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Career Progression and the Imposter Phenomenon: Experiences of Female Student Affairs Leaders

Molly M Belieu, University of Nebraska - Lincoln


This study explored the experiences of women leaders who graduated from a student affairs master’s degree program, and advanced to positions of vertical movement to roles of increasing responsibility, wider influence, and greater accountability. Specifically, exploration of this progression, and the influences on their experience of lateral movement, including the impostor’s syndrome. Three themes emerged from this study: (a) the influence of relationships on career progression, (b) navigating the structures of higher education, and (c) experiences of the Imposter Phenomenon. The results of this study can support student affairs preparation programs as they determine the competencies necessary to prepare professionals for navigating a career of progressive leadership and influence in higher education. Additionally, the results of this study can help university administration as they support student affairs professionals. Finally, the results of this study provide considerations for women as they consider careers in higher education. Considerations for organizational structures, succession planning, peer support channels and how to best support that important population on college campuses. Future research opportunities are also discussed as they relate to understanding progression experiences of student affairs professionals.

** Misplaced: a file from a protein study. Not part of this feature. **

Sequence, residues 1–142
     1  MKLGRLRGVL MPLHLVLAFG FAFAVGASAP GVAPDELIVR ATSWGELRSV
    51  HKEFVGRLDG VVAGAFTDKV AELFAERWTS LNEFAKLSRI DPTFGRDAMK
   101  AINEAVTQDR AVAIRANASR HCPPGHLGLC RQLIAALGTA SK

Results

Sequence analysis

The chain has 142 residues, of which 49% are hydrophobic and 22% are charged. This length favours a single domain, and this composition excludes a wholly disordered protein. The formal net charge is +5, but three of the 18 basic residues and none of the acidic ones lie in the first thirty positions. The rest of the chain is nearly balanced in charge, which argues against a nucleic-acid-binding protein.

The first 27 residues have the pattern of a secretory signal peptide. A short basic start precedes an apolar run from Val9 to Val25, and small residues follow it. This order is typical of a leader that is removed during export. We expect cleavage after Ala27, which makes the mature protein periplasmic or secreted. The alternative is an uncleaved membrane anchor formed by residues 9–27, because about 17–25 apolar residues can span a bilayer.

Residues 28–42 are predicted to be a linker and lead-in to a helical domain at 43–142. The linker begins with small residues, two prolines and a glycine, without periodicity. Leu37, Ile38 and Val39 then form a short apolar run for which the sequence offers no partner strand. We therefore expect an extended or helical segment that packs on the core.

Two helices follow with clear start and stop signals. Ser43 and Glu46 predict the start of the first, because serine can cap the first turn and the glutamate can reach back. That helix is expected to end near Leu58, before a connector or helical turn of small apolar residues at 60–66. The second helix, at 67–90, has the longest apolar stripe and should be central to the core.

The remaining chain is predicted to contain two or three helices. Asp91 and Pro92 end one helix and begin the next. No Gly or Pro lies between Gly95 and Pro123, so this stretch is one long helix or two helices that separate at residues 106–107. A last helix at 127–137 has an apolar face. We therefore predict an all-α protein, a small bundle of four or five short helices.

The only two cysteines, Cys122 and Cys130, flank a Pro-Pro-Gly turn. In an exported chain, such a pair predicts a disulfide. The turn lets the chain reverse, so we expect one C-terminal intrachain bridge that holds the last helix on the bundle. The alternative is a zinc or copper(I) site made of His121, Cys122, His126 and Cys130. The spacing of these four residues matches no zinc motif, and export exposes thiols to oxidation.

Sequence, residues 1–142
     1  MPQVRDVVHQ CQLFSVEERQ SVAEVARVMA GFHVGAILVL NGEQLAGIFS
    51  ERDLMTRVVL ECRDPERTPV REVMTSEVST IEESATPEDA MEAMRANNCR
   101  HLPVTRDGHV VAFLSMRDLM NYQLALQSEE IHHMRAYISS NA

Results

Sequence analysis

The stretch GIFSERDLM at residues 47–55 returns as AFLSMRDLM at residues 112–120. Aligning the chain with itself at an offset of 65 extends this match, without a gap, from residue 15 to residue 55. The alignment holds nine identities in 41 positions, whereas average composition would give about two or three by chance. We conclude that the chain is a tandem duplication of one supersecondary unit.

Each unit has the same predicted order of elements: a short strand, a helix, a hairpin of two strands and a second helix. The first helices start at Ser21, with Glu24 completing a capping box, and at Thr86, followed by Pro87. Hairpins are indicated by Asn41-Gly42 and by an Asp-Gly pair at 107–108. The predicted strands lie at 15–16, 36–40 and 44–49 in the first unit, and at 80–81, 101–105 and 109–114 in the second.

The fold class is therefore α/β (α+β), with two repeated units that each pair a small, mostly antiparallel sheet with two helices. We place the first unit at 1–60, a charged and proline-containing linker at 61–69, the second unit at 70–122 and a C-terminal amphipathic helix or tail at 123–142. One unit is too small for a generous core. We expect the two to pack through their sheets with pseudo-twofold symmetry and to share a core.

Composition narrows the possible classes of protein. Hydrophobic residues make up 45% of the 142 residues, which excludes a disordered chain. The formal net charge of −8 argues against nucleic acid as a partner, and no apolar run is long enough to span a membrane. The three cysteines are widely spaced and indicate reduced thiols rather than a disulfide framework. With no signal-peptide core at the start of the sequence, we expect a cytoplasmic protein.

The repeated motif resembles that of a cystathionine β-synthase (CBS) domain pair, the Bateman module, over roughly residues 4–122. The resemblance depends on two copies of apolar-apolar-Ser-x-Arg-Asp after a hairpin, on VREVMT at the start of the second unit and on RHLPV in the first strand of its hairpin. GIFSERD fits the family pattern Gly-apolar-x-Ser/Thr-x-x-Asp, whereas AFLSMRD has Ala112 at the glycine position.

Subject Area

Educational leadership|Womens studies|Occupational psychology|Higher education|Higher Education Administration

Recommended Citation

Belieu, Molly M, "Career Progression and the Imposter Phenomenon: Experiences of Female Student Affairs Leaders" (2021). ETD collection for University of Nebraska-Lincoln. AAI28419151.